If you happened to drive by the Dunleith Community Garden last week, you may have been surprised with the upsurge of youth filtering through out the garden like ants busy at work.

the ant march commences

In fact, from Tuesday to Friday of last week tenth graders at Greensboro Day School graciously volunteered their time and labor with Urban Harvest in a weeklong educational experience off the limitations of school grounds. As a local private school, Greensboro Day School has developed an impressively humble tradition that allows students to participate in a week-long service partnership to help their local community and relieve local non-profits before embarking on summer vacations.

GDS volunteers stop for a break and picture in front of the garden

This year, Urban Harvest was one Greensboro’s non-profits selected to receive a group of student volunteers. Ranging in levels of gardening expertise (some with an extensive permaculture background since the 7th grade) the students assisted Urban Harvest in planting peppers, trellising tomatoes, building compost bins, and sheet mulching pollinator beds for the expanding community project.

Carrots, Carrots, and more Carrots

oh, more carrots you say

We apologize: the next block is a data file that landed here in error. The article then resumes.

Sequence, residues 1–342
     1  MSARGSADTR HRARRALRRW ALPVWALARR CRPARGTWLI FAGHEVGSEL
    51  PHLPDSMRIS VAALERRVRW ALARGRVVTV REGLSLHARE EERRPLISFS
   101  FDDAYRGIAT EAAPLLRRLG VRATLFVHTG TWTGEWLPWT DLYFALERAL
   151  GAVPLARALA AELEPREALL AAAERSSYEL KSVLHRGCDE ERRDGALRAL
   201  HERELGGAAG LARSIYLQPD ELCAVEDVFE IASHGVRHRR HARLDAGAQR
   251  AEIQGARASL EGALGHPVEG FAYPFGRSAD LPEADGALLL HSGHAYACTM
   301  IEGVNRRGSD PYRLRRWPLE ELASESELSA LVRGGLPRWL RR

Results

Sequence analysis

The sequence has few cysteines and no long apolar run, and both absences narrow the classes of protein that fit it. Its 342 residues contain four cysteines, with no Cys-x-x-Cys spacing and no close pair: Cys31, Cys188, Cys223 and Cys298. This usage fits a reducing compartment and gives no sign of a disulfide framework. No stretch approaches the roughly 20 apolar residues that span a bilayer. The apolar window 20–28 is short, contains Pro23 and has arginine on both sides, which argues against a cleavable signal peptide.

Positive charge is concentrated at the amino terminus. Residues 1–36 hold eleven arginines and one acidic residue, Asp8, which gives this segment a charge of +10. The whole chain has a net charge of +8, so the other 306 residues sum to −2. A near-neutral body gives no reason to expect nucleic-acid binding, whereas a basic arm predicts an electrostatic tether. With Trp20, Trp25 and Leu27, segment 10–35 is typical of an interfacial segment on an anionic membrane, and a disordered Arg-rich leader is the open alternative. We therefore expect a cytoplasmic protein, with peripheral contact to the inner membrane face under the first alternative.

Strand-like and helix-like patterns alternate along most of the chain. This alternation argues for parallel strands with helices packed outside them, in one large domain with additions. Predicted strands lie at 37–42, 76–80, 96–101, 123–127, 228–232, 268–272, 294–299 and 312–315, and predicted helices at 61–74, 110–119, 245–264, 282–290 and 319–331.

This service venture is a testament to the power of working in groups. Two hands shoveling mulch is obviously easier, more efficient, less sweaty, and generally more enjoyablethan one person attempting to complete the same task. (Unless you are a recluse like J.D. Salinger, for which you would find this post to be a complete waste of time).  But that’s besides the point. Truth is, volunteer partnerships demonstrate the value of having accessible gardens in local areas. In a society increasingly expanding in  eco-conscious  civilians, community gardens have the potential to evolve into outdoor classrooms.

Harvesting Turnips on Tuesday

Now i admit, the idea of gardening or gardens as educational spaces is nothing groundbreaking. In fact, we can look to Alice Walker’s Edible Schoolyard epidemic for proof that gardens  are perhaps the most versatile spaces for teaching individual lessons and cultivating personal values; Determination, growth, patience and organic integrity are a worthy handful that immediately come to mind.

But on a larger scale, gardening as education is one of those great ideas that is rarely pursued. Instead we find gardening workshops in the elite niches of America or as large scale farming in those roadside rural towns that seem both unfamiliar and familiar at the same time.

Ideas of widespread and educational garden spaces, especially in urban areas, are often abandoned when visioners reach obstacles such as installation, resources, or simply the risk involved in pursuing external support.

lets harvest arugula!